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  • Print publication year: 2016
  • Online publication date: March 2016

4 - Issues and Problems Associated with Large-Scale Solar Power Systems



As discussed in the introductory chapters, both flat-panel and concentrator solar power system technologies have inherent shortcomings that can significantly diminish power production output and cause considerable loss of income. This chapter discusses some of the problems that have always been associated with these technologies.

The Problems

The following are inherent problems associated with the design, procurement, and construction management of large-scale solar power programs:

• Aside from technical evaluation of proposals, which seldom include detailed technical disclosures, design consultants have no say in the selection or evaluation of contractors.

• After completing their design documents and specifications, design consultants and engineers have absolutely no responsibility to oversee the implementation of their designs.

• Design engineers are not required to supervise solar power construction or evaluate the quality of material or equipment.

• As a result of legal issues, design engineers seldom volunteer to assume any responsibility for supervising construction.

• Design engineers never get involved in coordination meetings with the personnel of the owner's construction department.

• Design engineers do not take part in any solar power system or subsystem test procedures and seldom get involved with the final test and commissioning of systems.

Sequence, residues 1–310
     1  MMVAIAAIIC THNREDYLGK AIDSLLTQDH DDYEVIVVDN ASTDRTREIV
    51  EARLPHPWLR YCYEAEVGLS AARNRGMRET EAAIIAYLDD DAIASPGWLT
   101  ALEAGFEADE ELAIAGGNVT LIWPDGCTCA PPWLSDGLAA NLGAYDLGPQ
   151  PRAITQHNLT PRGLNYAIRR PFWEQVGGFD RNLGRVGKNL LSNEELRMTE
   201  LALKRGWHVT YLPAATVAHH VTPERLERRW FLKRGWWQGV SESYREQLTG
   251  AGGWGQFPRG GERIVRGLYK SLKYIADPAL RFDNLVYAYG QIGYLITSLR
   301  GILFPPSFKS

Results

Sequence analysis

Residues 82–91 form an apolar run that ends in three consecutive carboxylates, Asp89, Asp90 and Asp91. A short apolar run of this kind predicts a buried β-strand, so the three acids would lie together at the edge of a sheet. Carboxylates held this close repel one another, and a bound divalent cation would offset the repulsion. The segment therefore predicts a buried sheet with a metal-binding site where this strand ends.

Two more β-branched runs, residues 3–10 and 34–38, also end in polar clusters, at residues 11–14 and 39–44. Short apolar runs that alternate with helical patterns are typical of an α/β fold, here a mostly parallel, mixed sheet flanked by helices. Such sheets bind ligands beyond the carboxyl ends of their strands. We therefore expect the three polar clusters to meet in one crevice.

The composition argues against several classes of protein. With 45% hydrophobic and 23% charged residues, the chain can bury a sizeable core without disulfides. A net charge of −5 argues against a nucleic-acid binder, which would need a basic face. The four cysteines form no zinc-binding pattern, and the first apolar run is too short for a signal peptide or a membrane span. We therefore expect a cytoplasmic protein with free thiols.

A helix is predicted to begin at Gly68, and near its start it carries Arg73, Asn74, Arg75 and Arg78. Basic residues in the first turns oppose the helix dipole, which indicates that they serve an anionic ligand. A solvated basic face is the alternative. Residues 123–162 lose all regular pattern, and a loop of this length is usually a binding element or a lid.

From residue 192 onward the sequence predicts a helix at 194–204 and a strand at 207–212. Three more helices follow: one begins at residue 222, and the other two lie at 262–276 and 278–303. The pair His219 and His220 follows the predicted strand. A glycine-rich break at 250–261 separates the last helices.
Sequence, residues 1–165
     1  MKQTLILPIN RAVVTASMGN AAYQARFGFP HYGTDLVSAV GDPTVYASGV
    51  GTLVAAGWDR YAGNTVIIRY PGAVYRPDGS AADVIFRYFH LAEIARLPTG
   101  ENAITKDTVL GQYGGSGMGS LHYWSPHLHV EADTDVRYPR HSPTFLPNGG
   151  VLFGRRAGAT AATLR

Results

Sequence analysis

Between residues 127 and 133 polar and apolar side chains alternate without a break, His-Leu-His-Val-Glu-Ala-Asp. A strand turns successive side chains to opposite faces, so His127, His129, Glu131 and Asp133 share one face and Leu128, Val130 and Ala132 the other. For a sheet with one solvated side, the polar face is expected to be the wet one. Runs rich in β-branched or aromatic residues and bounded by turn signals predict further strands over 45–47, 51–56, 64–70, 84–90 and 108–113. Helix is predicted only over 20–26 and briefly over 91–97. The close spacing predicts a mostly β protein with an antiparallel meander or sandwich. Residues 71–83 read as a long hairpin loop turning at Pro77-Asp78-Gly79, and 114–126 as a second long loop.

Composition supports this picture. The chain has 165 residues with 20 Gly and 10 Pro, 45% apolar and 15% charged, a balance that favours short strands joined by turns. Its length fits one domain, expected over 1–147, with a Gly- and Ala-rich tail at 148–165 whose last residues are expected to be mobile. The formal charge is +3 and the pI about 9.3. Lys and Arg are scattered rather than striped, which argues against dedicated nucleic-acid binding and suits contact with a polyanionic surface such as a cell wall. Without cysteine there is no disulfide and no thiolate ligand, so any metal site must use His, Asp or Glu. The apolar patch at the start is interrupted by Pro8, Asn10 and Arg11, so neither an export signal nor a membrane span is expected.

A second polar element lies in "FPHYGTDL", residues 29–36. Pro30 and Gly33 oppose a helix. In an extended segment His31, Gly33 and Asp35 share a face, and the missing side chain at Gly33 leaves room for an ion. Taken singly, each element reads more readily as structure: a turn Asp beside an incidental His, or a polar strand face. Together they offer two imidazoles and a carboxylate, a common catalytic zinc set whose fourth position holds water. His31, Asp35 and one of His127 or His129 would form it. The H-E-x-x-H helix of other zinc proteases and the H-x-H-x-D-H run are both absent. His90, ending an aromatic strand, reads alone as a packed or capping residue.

• Upon receiving their engineering service fees, design engineers are never involved in solar power system performance monitoring.

• After an electrical inspector accepts a solar power system, solar power contractors disappear from the construction site and seldom make any effort to follow up with solar power output production.

• Even though solar power systems are provided with rudimentary power output monitoring and reporting systems, none of the display or monitoring of large-scale solar power systems have any field-installed PV module monitoring devices to detect system or subsystem failures. Nor do they have alarms that can provide useful and meaningful alerts to the owner's maintenance personnel.

Solar Power System Construction Process and Associated Issues

Upon meeting the minimal requirements of engineering design and procurement specification standards, as outlined by public agencies or large private industries, solar power contractors upon securing their contracts proceed with parsing the overall solar power construction into numerous subcontract components.

The reason for subcontracting various portions of the project is a result of the fact that often contractors do not have the necessary skilled personnel, equipment, nor in-house capabilities to undertake construction and integration of a large-scale solar power-generation system.